After Housing And The Stock Market, Is Higher Education The Next Bubble To Burst?

Few industries today have a worse business model than higher learning institutions.

Simply put, colleges are slowly pricing themselves out of existence. Tuition has consistently increased faster than inflation and household income, to the point that it is now four times more expensive to attend college than it was a generation ago. The result is that the average college senior carries $25,000 in student loans at graduations. The debt can follow students around for years, sometimes to the end of time, literally: $36 billion in loan debt is held by people over 60-years old!

Colleges are now faced with the challenge to the long held belief that a degree is worth the student loan burden because it leads to a lifetime of good paying jobs. However, the recession and the tepid recovery made make this belief more questionable as new evidence points to a much lower lifetime earnings. As a result, last year a whopping 41% of all colleges saw their enrollment fall.

Faced with declining enrollment, many colleges across the country assume that they have a marketing problem and are hiring CMOs to build their brands. However, the lack of branding or coordinating the admissions offices’ sales pitch is not the reason for a shrinking student body. While whitewashing substantive and largely self-inflicted problems with advertising campaigns may be an appealing quick fix, transforming the business model itself would be a better approach – better for the colleges, for students, for the nation as a whole in the long run.

Schools suffer from an administrative bloat, as they are expanding their bureaucracies significantly faster than the numbers of instructors and researchers.

While higher education institutions benefit from hundreds of billions in budget increases every year, most of it goes toward benefiting administrators, not educators. Since the early 1990’s,  spending on administration per student increased by 66%, while instructional spending per student rose by 39%.

A big reason that colleges get away with an inefficient model that favors administrators over faculty is that students pay only a fraction of the expense of running a school, despite the oversized increases in tuition. The lion’s share of university resources comes from the federal and state governments, as well as private gifts. These subsidies for higher education fuel the expansion of bureaucracy because the college model lacks transparency.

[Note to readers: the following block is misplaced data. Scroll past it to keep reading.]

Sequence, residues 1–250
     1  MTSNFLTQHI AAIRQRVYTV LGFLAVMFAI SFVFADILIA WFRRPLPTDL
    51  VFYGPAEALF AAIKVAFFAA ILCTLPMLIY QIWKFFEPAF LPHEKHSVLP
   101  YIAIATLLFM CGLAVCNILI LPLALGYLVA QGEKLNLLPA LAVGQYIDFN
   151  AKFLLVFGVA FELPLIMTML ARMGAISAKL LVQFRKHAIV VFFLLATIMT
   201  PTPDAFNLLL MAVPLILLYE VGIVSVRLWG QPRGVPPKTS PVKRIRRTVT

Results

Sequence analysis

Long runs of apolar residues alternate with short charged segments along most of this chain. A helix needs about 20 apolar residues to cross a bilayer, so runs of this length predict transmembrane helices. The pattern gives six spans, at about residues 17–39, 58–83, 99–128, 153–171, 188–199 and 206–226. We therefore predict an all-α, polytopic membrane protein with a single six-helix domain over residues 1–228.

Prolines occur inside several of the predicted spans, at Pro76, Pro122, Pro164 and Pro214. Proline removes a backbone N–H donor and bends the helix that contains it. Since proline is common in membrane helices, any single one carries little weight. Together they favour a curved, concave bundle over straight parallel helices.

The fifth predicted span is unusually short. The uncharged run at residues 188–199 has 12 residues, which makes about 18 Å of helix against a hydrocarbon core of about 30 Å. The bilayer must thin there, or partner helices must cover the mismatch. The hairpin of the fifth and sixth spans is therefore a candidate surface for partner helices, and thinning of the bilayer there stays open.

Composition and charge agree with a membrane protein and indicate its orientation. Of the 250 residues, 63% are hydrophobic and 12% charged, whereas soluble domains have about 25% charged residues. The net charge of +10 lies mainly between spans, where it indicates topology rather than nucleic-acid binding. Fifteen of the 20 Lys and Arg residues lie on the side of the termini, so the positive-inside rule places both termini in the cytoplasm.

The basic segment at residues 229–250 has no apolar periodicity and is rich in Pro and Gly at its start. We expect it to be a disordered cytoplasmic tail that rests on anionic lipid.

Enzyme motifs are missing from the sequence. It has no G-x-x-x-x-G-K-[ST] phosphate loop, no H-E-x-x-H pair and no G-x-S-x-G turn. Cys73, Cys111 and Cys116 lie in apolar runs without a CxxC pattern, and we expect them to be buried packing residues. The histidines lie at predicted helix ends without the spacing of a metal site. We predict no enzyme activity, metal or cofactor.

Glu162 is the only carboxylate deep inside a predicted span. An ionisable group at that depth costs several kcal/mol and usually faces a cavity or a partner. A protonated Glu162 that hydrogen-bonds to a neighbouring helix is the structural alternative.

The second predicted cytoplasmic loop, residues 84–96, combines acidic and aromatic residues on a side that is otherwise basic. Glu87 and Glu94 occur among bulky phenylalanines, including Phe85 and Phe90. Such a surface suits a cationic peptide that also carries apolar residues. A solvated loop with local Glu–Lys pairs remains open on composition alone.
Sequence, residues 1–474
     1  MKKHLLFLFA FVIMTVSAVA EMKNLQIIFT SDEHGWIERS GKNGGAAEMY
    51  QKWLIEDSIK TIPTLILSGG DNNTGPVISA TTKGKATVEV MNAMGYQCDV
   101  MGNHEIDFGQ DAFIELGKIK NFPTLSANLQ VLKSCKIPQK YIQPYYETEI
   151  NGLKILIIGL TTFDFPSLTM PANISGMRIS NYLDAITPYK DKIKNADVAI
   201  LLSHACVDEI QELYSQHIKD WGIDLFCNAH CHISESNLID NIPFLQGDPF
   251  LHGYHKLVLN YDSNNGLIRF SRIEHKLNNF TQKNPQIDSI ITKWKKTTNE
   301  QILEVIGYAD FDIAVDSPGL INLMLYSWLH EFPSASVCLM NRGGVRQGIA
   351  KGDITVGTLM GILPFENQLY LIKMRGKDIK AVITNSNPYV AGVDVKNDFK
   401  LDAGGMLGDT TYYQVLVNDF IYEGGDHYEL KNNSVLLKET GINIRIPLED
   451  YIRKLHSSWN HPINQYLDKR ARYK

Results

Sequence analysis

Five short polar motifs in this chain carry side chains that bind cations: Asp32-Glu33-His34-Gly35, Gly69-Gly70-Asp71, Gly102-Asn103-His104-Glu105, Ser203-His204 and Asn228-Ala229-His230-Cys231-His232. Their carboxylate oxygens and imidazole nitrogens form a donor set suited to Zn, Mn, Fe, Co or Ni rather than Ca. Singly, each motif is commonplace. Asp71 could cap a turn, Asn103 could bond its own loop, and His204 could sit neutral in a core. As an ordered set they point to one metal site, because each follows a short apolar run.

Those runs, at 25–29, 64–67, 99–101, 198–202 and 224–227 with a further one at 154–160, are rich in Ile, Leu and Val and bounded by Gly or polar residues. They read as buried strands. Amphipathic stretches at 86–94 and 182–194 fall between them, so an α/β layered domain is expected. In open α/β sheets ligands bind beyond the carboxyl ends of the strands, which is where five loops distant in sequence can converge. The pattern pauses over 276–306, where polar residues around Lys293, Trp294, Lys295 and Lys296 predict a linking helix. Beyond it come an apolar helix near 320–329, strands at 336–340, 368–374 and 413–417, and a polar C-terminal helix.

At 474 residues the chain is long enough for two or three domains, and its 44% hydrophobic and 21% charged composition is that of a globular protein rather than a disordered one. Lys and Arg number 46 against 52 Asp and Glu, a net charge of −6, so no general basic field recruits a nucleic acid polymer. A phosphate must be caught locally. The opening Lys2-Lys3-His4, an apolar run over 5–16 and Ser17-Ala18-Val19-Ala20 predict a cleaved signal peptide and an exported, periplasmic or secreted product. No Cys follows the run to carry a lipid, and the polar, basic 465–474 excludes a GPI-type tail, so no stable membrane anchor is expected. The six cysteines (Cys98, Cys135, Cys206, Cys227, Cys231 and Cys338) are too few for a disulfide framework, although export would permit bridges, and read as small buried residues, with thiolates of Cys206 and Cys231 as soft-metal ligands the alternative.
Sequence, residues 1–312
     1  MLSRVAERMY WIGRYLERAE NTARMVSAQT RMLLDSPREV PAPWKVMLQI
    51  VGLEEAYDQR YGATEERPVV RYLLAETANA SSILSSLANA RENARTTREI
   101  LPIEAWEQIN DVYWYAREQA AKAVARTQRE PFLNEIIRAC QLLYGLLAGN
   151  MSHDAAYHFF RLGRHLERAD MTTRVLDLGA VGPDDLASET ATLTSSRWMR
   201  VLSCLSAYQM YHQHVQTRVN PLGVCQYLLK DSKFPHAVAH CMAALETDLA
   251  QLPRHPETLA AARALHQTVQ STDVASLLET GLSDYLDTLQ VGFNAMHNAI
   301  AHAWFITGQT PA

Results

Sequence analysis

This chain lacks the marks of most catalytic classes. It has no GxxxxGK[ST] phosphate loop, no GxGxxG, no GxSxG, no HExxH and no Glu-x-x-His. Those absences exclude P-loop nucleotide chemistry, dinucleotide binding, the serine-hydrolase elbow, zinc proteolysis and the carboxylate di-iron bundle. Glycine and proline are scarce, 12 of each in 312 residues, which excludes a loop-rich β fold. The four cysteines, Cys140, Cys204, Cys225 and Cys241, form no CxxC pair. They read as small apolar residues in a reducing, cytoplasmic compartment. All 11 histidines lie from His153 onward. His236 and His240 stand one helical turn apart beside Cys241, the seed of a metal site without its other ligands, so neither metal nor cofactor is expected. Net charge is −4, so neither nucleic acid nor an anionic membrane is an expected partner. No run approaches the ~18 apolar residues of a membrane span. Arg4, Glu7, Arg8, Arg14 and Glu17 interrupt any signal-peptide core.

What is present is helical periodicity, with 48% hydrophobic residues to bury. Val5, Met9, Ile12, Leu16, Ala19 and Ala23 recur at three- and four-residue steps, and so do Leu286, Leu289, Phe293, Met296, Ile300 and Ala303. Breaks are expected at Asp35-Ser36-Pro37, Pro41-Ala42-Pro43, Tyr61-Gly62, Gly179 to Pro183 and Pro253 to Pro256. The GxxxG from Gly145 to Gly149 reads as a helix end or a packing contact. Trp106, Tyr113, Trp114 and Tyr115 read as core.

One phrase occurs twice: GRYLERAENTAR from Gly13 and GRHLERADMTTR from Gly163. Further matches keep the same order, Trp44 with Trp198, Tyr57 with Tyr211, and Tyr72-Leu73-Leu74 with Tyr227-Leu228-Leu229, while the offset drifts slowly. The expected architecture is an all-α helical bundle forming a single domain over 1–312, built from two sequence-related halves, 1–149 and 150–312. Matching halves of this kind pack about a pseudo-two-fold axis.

In fact, the 2010 Goldwater Institute study stated, “universities have in recent years vastly expanded their administrative bureaucracies, while in some cases actually shrinking the numbers of professors.” Less than 40% of students are actually taught by tenured professors, while the majority is taught by assistants, instructors, and adjuncts,  directly contradicting the core mission of any university.

With the federal government and states looking for ways to trim their budgets, appropriations to colleges and universities are likely to be scaled back as students and institutions sort through what they want from a university education and how much is it worth. The higher education bubble has been inflating for decades, propagating the myth that heavy student debt burden is justified by high paying jobs. But costs can’t outpace household income forever, and the debt based model is not sustainable as long as administration cost grows exponentially.

Higher education institutions now face pressures similar to those that reshaped other inefficient industries, like the car industry or the airline. Soon it will be colleges day of reckoning  as they have to balance the reality of high costs, debt burden and lower degree value.


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